The price of silver changed direction and declined during last week. Moreover, gold also declined by a similar rate. Will silver bounce back from its recent fall? Let's examine the recent news that may affect silver and the silver ETFs.
The recent fall of silver has reflected in the decline in demand for silver ETFs such as iShares Silver Trust (NYSEARCA:SLV). During the previous week, the Silver Trust's price fell by 1.6%. Moreover, other Silver investments such as Silver Wheaton (NYSE:SLW) also dropped by 1.8%. Looking forward, the FOMC meeting, the U.S. durable goods, jobless claims, the progress of the U.S. equities markets, and the U.S. dollar could affect the direction of the price of silver. Let's analyze these issues and start with FOMC Chair Yellen's speech from last week.
Yellen and Silver
Last week, Janet Yellen, Chair of the FOMC, gave a speech referring to the FOMC's policy. She reassured that the Fed won't push the trigger on raising its cash rate anytime soon:
At present, the Committee anticipates that economic and financial conditions will likely warrant maintaining the current range "for the federal funds rate for a considerable time after (my emphasis with bold marking - LC) the asset purchase program ends, especially if projected inflation continues to run below the Committee's 2 percent longer-run goal, and provided that longer-term inflation expectations remain well anchored.
Nonetheless, this speech didn't have a strong impact on the price of silver. Looking forward, the FOMC's monetary policy meeting will be held at the end of April and could affect the silver market.
Even if the FOMC tapers its asset purchase program again, it's likely to have a modest negative effect on the silver market.
The chart below shows the developments of the U.S. monetary base and the monthly average price of silver between 2010 and 2014.
As you can see, the last asset purchase program augmented the U.S. monetary base but only had a short-term positive effect on silver. In fact, during the second part of 2013 and the beginning of 2014, the price of silver remained between $20 and $23. This could suggest that even if the FOMC tapers again QE3, this decision won't rattle the silver market and break silver free from its current price range.
The developments in the foreign exchange market could also play a secondary role in determining the price of silver.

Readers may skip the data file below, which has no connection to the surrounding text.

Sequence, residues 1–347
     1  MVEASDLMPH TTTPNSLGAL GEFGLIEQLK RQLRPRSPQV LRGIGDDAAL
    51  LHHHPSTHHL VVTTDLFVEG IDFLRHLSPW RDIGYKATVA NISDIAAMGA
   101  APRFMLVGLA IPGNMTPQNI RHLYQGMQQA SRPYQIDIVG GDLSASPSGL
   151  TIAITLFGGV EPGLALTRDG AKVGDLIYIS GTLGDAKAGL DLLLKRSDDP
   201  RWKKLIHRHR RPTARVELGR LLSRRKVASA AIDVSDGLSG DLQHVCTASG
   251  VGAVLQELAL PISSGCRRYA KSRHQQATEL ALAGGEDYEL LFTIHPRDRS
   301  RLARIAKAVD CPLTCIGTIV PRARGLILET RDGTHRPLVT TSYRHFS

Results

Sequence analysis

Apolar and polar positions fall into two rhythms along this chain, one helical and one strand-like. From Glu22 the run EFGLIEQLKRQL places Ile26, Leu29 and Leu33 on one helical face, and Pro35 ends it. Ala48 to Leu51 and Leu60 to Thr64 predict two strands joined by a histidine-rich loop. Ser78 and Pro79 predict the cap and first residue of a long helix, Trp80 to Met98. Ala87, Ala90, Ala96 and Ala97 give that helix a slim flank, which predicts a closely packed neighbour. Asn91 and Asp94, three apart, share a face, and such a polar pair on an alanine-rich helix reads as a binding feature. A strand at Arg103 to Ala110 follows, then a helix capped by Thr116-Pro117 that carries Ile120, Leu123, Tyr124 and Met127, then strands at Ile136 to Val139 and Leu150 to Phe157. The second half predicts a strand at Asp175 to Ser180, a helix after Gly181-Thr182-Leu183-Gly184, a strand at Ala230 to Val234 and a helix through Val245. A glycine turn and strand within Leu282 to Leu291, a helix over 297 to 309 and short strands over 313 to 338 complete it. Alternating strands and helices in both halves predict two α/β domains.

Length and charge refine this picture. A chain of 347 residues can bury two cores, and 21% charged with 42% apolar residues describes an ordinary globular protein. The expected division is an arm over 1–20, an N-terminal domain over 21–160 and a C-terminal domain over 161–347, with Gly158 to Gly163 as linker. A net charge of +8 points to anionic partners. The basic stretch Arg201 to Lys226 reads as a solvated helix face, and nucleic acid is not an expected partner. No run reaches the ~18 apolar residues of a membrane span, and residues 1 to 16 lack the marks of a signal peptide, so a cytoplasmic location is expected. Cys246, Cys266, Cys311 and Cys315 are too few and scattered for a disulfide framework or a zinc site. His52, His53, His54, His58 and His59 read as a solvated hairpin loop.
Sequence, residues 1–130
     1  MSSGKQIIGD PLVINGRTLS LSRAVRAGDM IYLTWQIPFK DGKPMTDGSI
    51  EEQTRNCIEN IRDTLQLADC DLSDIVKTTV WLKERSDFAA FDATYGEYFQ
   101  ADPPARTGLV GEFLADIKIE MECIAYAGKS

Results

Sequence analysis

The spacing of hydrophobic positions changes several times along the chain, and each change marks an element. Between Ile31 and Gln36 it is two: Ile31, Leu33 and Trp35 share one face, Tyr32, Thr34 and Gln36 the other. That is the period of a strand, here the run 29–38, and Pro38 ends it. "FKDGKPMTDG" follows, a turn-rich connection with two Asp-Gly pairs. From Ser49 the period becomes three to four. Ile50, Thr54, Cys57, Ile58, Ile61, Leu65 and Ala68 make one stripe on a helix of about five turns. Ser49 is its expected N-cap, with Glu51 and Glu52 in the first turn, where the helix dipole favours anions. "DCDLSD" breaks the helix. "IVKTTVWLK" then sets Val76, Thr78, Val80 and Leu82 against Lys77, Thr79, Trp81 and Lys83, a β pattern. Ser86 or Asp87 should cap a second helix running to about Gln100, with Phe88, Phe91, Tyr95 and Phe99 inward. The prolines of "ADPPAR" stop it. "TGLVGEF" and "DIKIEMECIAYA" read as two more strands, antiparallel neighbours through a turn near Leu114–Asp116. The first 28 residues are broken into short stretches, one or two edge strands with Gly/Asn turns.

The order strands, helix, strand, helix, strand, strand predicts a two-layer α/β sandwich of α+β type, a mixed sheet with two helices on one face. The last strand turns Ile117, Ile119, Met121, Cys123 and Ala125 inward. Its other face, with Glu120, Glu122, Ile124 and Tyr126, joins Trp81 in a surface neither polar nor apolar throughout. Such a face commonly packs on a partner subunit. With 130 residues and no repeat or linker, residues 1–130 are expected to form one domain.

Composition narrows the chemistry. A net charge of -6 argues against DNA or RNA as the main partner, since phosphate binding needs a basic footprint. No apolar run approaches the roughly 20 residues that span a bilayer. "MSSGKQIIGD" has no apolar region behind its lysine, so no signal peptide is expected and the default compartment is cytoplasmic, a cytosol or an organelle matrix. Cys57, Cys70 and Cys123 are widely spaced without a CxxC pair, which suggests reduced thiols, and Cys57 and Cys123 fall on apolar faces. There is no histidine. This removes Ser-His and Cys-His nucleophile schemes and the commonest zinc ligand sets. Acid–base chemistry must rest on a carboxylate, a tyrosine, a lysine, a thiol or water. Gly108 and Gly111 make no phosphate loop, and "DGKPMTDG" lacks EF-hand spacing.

Silver and U.S. dollar
During the previous week, the U.S. dollar changed direction and rallied against Euro, Yen and Australian dollar. The chart below shows the linear correlation of the daily percent changes of silver and leading currency pairs during March and April.
Based on the above, the linear correlation between Euro/USD and the price of silver is mid-strong. If the U.S. dollar continues to strengthen against the Euro, this trend could drag further down the price of silver. The upcoming U.S. economic reports including core durable goods, new and existing home sales, consumer sentiment, and jobless claims could affect the U.S. dollar against leading currencies. These reports, in turn, assuming all things equal and under certain assumptions, could partly affect the direction of the price of silver. Moreover, if these reports show the U.S. economy is recovering, they could also pull up U.S. equities, which are considered alternative investments for precious metals.
The price of silver slightly declined last week but remained close to $20. The price of gold also didn't move much and is currently close to $1,300. These precious metals aren't likely to break free from their current level anytime soon. If the U.S. dollar keeps strengthening and the U.S. equities resume their upward trend, this trend could steer investors away from precious metals and back to equities. Therefore, my guess is that silver isn't going anywhere and will remain around $20 in the coming weeks.
Disclosure: I have no positions in any stocks mentioned, and no plans to initiate any positions within the next 72 hours. I wrote this article myself, and it expresses my own opinions. I am not receiving compensation for it (other than from Seeking Alpha). I have no business relationship with any company whose stock is mentioned in this article.